One way of getting a cheap all road bike
I love this bit taken from here; when I think I'm a contrary cnut I read some yacf to convince myself I'm most amenable
"The Marin County hippies were very late to the party - mixed terrain cycling is as old as cycling itself, given what many roads were like at the start of the 20th century."
[quote author=Wikinaccurate]Club riding in early 1900s Europe often included mixed terrain (called rough stuff or pass storming) as an integral part of typical routes. Early recreational cyclists would extend their biking range to include off-road cycling. "Evidence of how much rough stuff was viewed as an integral part of the experience for the touring cyclist can be found in the format of the BCTC (British Cycle Tourist Competition). Run by the CTC and inaugurated in 1952 until the late 1980s its aim was to find Britain's best tourist. Rough stuff riding was a key element and the organizers often went to great lengths to find awkward tracks, fords, etc. that would test a rider's skill."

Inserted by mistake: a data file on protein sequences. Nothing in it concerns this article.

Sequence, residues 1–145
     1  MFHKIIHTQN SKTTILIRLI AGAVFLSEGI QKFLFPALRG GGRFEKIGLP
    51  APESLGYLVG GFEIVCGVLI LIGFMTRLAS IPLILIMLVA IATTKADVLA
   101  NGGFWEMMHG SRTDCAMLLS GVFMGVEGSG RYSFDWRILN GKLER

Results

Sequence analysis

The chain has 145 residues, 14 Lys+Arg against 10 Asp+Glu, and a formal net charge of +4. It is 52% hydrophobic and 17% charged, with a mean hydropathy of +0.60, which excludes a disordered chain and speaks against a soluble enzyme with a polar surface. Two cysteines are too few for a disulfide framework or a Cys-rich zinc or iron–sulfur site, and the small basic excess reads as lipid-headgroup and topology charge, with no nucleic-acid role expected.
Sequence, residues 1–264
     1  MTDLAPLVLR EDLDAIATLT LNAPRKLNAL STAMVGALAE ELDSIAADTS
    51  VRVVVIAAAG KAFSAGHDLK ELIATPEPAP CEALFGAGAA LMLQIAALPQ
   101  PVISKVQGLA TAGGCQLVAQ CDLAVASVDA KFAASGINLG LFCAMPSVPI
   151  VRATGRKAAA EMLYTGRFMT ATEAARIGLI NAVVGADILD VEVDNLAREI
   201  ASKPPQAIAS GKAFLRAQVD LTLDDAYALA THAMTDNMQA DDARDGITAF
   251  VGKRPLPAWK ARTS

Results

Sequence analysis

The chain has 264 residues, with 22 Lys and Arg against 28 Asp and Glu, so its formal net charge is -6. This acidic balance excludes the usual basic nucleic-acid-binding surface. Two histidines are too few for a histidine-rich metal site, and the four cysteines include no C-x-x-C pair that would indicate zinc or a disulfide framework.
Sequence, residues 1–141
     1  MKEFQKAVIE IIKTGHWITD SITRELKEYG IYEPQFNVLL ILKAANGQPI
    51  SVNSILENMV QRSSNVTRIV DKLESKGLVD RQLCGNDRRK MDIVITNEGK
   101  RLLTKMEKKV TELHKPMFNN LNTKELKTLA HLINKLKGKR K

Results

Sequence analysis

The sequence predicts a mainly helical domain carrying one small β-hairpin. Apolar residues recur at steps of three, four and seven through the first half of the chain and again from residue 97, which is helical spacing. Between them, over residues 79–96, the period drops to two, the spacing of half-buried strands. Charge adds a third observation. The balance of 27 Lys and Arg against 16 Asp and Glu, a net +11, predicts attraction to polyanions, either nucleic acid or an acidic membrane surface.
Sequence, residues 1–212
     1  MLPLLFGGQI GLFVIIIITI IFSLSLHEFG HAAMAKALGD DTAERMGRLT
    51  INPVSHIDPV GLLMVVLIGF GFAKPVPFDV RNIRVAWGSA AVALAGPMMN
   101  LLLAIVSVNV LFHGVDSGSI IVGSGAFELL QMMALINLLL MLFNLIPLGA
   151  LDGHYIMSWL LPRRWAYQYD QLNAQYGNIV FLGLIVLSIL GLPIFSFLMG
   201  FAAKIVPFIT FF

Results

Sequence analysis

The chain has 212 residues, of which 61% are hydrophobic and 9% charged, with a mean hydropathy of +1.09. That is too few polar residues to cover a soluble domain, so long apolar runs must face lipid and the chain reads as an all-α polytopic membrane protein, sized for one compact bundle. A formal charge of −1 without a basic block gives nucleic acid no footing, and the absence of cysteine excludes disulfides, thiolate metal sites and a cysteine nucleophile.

By the 1950s in Europe, bike clubs were formed specifically around mixed terrain and off-road touring. In Great Britain, a club called Rough Stuff Fellowship was formed around mixed terrain and off-road touring. "The history of the RSF goes way back to its foundation in 1955, long before anyone had ever heard of Marin County. It was formed by cyclists who wanted to get away from roads and cycle on tracks, and byways." The Rough Stuff Fellowship is still an active club today. France also had a mixed terrain club called Velo Cross Club Parisien formed between 1951 and 1956. Not content with cyclo-cross racing of the day, around twenty French cyclists modified their 650-b bikes for mixed and off-road travel.[/quote]